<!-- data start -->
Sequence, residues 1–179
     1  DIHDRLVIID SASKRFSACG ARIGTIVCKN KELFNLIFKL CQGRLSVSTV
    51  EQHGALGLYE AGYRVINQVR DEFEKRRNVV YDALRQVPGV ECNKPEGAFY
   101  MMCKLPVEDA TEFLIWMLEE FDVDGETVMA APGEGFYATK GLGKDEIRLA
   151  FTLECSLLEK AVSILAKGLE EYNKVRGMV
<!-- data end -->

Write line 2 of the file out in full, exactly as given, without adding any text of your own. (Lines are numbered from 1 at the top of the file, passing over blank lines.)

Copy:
     1  DIHDRLVIID SASKRFSACG ARIGTIVCKN KELFNLIFKL CQGRLSVSTV